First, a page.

Sea Shepherd and the Steve Irwin Prepared to Return to Save Whales
The Sea Shepherd Conservation ship Steve Irwin is prepared to return to the Southern Oceans Whale Sanctuary.
"I think we have found the means to save these whales," said Captain Paul Watson. "We simply need to keep the Japanese fleet on the run. We need to chase them relentlessly. They cannot kill whales with us on their tails constantly dogging their every movement."
The Japanese fleet still has two months of killing whales ahead of them. The Sea Shepherd ship Steve Irwin has been chasing them for close to three weeks and not a single whale has been taken since January 8th.
"Our objective now is to keep the hunt from resuming before the end of January. Unfortunately our fuel reserves will not allow us to stay longer than that," said Captain Watson. "Within a few days we will have to head northeast to Melbourne."
The Japanese fleet has moved from the far western end of their hunting zone south of South Africa to the extreme Eastern end near the Ross Sea. They are now moving back to the Eastern side of the zone. The Japanese fleet has used up an incredible amount of fuel moving eight large ships thousands of miles back and forth.
The Nisshin Maru burns 20 tons of fuel per day. The Oriental Bluebird burns 25 tons of fuel a day and each of the smaller ships burns between 5 and 10 tons of fuel a day. The Fukuyoshi Maru No. 68 burns between 15 and 20 tons per day. In total the Japanese whaling fleet has used well over 2,000 tons of fuel at a cost in excess of two million dollars without killing a single whale.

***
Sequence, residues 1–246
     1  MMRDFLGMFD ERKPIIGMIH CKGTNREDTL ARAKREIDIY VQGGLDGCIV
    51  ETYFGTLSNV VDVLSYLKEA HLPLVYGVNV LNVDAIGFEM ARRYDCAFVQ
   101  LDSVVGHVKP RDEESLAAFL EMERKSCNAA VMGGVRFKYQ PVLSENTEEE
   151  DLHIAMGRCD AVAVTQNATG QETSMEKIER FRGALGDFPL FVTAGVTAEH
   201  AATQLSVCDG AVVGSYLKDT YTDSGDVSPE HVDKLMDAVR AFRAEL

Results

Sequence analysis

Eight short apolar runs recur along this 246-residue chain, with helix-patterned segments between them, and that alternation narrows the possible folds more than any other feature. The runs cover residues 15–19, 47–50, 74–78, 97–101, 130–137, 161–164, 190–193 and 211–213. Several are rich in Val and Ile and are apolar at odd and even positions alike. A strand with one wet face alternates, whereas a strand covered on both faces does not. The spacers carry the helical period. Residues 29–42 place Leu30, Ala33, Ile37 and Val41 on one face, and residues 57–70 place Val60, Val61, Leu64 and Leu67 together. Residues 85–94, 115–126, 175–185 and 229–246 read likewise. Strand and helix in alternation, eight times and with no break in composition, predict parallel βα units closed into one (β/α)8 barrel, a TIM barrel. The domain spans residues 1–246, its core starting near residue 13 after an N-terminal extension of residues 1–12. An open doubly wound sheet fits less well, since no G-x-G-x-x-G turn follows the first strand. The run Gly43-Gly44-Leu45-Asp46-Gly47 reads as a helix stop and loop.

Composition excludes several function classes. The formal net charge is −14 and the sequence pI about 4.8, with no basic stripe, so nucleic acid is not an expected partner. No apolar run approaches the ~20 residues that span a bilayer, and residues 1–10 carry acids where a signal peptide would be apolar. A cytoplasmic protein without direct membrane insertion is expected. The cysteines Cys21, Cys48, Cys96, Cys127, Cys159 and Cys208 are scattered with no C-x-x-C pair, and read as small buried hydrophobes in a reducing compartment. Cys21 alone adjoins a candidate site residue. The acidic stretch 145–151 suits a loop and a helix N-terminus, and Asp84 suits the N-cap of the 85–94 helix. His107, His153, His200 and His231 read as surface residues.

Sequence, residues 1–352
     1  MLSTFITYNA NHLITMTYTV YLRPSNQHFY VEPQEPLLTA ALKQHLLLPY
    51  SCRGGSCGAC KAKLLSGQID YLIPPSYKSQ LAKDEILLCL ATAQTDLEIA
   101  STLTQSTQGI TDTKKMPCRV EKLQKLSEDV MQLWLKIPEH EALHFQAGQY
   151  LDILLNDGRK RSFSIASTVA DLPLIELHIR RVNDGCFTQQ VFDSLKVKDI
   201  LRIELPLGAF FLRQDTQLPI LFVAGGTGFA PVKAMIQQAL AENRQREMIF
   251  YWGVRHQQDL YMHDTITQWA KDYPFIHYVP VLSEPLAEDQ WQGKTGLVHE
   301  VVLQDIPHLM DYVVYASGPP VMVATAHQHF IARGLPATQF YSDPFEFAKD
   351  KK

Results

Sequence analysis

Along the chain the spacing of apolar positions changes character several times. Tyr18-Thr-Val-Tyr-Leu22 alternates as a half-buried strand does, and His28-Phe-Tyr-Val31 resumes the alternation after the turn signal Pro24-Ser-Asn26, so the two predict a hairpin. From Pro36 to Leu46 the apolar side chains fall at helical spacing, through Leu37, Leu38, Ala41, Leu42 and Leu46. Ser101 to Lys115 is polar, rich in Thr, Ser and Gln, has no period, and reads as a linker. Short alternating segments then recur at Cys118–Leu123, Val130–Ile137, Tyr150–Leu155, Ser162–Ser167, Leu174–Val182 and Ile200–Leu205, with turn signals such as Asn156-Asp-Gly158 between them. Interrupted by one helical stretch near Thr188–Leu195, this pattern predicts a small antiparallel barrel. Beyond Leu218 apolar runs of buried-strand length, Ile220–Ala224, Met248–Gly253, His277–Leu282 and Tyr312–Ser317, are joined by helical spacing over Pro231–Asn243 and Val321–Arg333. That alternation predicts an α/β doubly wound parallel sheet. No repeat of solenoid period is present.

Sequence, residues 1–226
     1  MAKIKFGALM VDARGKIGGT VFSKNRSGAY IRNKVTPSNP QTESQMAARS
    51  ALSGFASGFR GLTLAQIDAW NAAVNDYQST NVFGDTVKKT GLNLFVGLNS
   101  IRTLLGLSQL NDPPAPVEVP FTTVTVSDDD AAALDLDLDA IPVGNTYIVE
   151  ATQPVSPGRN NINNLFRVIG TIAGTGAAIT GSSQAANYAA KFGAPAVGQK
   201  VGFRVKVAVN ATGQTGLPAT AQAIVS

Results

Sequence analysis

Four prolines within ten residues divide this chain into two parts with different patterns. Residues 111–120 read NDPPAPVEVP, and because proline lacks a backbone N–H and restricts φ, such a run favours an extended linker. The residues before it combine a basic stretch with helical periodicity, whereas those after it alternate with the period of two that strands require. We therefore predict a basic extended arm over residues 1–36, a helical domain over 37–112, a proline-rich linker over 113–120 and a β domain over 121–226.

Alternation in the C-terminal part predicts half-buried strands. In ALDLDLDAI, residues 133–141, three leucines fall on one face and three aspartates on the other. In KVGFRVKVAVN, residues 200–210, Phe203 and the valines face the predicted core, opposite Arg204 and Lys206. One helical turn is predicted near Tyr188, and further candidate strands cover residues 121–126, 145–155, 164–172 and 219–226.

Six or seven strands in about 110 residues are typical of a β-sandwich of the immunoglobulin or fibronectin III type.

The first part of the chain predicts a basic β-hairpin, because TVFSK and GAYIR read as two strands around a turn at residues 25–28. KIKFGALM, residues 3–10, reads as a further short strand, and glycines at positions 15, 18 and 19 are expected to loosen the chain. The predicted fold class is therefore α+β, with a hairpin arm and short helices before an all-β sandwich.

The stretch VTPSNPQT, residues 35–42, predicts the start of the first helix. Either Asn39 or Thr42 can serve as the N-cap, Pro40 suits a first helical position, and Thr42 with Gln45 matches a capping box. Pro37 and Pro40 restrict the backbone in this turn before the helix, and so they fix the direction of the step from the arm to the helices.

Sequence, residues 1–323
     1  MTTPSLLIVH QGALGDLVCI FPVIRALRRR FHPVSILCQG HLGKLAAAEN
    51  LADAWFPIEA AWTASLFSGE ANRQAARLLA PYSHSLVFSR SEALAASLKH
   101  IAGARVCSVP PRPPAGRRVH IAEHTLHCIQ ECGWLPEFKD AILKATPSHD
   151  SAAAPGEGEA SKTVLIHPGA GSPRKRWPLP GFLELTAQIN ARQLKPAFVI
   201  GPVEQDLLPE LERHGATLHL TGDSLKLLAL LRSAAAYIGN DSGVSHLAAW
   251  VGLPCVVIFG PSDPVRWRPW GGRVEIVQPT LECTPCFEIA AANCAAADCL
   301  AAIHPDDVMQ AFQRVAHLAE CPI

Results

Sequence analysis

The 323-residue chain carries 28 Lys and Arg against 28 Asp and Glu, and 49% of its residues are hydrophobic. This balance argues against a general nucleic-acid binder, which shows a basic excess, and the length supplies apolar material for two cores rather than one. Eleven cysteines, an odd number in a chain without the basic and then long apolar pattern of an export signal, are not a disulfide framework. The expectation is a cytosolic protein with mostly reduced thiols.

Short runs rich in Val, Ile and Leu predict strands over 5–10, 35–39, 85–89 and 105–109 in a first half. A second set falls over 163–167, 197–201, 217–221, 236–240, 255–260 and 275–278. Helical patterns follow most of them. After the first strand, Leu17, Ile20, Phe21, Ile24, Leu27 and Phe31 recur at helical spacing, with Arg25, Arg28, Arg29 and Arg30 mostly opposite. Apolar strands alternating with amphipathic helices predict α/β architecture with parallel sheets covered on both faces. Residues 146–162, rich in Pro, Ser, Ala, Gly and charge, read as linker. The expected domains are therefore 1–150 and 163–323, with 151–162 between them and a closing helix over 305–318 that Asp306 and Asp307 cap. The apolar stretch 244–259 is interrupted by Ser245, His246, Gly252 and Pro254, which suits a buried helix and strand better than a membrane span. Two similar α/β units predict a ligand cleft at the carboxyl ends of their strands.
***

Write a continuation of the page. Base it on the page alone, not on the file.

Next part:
Since the departure of the Greenpeace ship Esperanza, the Nisshin Maru has moved 300 miles east. Accompanied by the Oceanic Viking the whaling fleet is situated east of the 100 Degrees line of Longitude 1800 miles southwest of Fremantle. In addition to the six ships of the Japanese fleet, there is the supply vessel Oriental Bluebird and the vessel Japanese mystery vessel Fukuyoshi Maru No. 68 which has been assigned to exclusively tail the Steve Irwin.
In order to return this season, the Steve Irwin needs support to refuel. The ships needs some repair work done on one of the main engines, a replacement helicopter blade, fresh provisions and some new volunteers.
"Unfortunately we don't have the kind of budget that Greenpeace has," said Captain Paul Watson. "Each year we exhaust our resources on this campaign. We need support to purchase 200 tons of marine diesel fuel. If we can get that support, we can refuel and return."
The Steve Irwin has used 200 tons of fuel since the beginning of the campaign. Sea Shepherd is also looking to recruit new volunteers with mechanical, navigational, medical, seamanship, and cooking skills.
"If there is the will there is a way," said Captain Paul Watson. "We need to make every effort to keep the pressure on the Japanese whaling fleet, to keep them on the move and to keep them from killing whales. Given the fuel, we can keep up the pressure."